Among the most important studies on the conceptualization and measurement of service quality perceptions are the ones by Grönroos [21] [22] and the ones of Parasuraman, Zeithaml, and Berry [23] . Grönroos [21] defines service quality in terms of functional and technical qualities. While “technical quality” refers to the outcome of service, “the functional quality” refers to the service delivery process and, in particular, to the customer’s perception of his/her interaction with employees. Parasuraman et al. [23] , in their SERVQUAL model, identify five dimensions the consumer considers while evaluating service quality: tangible elements, reliability, responsiveness, assurance and empathy. According to the SERVQUAL model, consumers evaluate services on the basis of the gap between expectations about service, their delivery and their perceptions of the performance of service received. Exceeding customer expectation has been considered important for customer loyalty [24] .

Other authors, adopting Rust and Oliver’s [25] view, proposed a new conceptualization of the service quality based on three factors: consumer-employee interaction (functional quality), outcome quality (technical quality) and environment quality [26] . All these conceptualizations, however, have not been considered universal as the dimension of service depends on the type of service examined [27] . These have been considered unsuitable for the entertainment industry where it may be useful to include the aesthetic dimension of a service [28] .

In sporting events, it has been suggested that the aesthetic dimension enables the discovery of the experiential aspects of service which focus on the symbolic, hedonic and aesthetic nature of consumption [1] [28] . On the basis of experiential perspective, marketing managers should consider the “explosion of subjectivity” which is the “deeper involvement of individual subjectivity in terms of emotions and feelings that each consumer has in the interactions with the products” [29] . The understanding of experiential view is important in tourism where the emotional aspect and the experiential benefits characterize the process evaluation and the choices of consumers and where the experience has been described as “the subjective mental state felt by participants” [30] .

In the seminal work of Pine and Gilmore [31] which defines the experience economy, the interest towards experience is based on the possibility that well designed experience builds customer loyalty [2] [31] [32] .

The concept of experience has been defined by different authors. According to Pine and Gilmore [31] an “experience occurs whenever a company intentionally uses services as the stage and goods as props to engage an individual”. Schmitt [33] state that experiences “replace functional values”, and are considered the main marketing benefits since these “provide sensory, emotional, cognitive, behavioural and relational values”.

Describing the context of river rafting trips, Arnould and Price [34] refer to “extraordinary experience” as “unusual events… characterized by high levels of emotional intensity and experience”. These are typical of situations where the subject is engaged mentally and physically [35] with the aim to reach an objective. These experiences depend on situations in which both capabilities and challenges are of a high level [36] . Both these factors characterized the participation in sports events.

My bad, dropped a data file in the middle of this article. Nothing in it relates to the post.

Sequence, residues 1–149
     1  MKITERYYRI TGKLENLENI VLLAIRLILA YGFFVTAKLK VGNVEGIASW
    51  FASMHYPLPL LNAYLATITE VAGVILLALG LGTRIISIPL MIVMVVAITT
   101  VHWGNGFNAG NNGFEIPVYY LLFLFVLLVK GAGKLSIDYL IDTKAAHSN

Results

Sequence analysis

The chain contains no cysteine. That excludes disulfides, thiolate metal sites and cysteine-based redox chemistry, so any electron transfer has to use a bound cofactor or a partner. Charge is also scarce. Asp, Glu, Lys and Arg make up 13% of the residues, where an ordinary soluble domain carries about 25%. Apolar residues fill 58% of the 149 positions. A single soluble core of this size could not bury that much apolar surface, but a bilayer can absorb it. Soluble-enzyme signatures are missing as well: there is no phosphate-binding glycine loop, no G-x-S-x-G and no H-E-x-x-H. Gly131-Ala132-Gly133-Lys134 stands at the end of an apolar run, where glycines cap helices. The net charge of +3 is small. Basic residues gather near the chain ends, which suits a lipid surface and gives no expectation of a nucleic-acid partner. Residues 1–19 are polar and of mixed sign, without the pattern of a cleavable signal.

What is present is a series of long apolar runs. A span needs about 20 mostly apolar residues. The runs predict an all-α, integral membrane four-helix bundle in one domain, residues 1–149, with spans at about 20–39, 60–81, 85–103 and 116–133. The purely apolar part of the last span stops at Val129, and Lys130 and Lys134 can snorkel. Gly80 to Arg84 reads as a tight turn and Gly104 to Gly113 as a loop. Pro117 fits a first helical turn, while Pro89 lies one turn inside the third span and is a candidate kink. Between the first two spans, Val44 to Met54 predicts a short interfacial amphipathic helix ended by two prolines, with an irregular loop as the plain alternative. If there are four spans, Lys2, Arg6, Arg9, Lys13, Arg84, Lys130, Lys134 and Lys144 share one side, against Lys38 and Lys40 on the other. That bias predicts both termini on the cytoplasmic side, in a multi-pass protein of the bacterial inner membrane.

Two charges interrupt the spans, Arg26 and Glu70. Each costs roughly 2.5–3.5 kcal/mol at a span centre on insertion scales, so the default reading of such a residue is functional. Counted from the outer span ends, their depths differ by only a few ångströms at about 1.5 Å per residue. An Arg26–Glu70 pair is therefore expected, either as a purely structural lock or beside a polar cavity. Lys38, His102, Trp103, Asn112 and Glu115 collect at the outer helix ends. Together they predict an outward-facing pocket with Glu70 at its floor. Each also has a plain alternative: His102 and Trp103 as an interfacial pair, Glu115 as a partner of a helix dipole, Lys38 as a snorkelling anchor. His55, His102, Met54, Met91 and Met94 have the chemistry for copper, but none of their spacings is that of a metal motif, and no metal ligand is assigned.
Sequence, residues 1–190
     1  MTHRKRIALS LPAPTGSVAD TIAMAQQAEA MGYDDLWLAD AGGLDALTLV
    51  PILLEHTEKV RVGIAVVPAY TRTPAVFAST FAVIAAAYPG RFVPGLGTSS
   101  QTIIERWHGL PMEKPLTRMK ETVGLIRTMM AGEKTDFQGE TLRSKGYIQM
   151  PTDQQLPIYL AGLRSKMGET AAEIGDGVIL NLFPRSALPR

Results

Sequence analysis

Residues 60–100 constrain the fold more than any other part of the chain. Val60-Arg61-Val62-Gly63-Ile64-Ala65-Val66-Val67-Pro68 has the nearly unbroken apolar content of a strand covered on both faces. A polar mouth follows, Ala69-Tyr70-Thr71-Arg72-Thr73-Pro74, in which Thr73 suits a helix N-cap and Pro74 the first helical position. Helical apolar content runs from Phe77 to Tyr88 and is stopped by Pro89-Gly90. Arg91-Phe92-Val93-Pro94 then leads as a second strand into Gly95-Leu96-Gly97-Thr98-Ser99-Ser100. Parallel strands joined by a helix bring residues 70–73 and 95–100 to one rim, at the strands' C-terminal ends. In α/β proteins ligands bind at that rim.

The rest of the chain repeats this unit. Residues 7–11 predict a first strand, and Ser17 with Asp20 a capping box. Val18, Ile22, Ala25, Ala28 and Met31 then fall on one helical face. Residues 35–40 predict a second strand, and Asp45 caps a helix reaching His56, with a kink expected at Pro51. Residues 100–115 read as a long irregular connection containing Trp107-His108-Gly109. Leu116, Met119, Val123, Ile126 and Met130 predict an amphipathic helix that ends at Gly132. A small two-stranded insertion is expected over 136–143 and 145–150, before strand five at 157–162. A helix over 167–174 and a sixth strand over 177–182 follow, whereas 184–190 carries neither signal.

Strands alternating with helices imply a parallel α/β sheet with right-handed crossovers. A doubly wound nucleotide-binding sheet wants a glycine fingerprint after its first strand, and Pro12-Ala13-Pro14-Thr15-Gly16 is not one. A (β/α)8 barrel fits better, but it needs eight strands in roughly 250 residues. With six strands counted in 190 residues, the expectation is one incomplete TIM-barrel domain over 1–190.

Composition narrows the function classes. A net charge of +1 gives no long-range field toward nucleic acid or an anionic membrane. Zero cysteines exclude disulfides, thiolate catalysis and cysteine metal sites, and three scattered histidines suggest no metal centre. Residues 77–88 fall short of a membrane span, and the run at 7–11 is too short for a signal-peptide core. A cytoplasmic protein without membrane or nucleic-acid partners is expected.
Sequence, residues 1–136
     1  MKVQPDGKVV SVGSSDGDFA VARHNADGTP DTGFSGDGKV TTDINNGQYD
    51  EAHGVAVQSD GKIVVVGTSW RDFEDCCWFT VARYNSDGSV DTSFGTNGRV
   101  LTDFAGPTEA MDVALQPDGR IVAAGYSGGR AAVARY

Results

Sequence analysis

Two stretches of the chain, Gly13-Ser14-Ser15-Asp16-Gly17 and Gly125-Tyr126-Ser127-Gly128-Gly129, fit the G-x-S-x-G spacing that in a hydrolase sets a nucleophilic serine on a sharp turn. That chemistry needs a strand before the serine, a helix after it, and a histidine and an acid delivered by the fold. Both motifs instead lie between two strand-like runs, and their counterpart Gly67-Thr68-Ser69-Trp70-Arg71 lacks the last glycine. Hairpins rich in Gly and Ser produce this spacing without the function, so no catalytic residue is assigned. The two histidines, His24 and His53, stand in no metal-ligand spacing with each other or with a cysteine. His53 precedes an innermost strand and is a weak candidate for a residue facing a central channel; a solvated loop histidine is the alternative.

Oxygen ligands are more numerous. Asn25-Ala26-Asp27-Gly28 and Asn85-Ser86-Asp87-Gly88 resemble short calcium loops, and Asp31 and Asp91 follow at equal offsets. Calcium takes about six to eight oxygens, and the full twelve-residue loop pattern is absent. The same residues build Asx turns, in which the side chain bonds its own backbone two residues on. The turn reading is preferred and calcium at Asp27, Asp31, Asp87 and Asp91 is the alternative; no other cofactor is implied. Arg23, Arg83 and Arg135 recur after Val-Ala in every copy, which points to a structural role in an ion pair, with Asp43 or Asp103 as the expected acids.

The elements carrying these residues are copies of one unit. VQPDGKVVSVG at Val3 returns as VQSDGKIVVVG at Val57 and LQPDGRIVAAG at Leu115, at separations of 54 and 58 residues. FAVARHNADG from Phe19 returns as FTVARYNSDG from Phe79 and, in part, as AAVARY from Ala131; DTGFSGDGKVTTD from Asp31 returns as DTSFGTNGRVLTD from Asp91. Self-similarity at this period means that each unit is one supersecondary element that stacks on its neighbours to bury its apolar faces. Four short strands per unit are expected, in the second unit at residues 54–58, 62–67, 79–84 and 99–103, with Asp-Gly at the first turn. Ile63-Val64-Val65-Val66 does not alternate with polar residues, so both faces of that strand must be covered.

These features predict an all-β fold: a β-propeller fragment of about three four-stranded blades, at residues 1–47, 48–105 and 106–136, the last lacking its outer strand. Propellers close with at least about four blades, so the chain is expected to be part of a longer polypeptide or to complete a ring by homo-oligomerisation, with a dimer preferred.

“Experience is the outcome of participation in a set of activities within a social context… an experience involves learning during a period of time when customers interact with different elements of a context created by the service provider in the course of this interaction, customers and service providers jointly create a unique, context-specific experience” [37] .

Analysing the services in an experiential perspective, some authors refer to “experience quality” as the satisfaction at the transaction level to differentiate it from those of service quality that is referred to as service attributes [38] . Management provides services and how the customer uses them contributes to the creation of the experience quality; therefore, the experience can be determined by the service provided and the experienced emotional state of the tourist [39] . The quality of experience can be influenced by service providers, but depends on how tourists use the services provided. Indeed, tourists create their experience through an interaction with the destination and the element they bring to the process [40] . Other authors, argue that the “co-creation of experience allow creating the uniqueness of value for customers” [41] .

In summary, the “quality of experience” refers to the specific benefits people obtain and is different from overall satisfaction, that is, visitors’ levels of satisfaction towards their total experience with the recreation service [39] .

3. The Influence of Service Quality on Intent to Return and Loyalty of Active Sport Tourists

Several research have examined the relationship between service quality and consumer behaviour [20] [42] .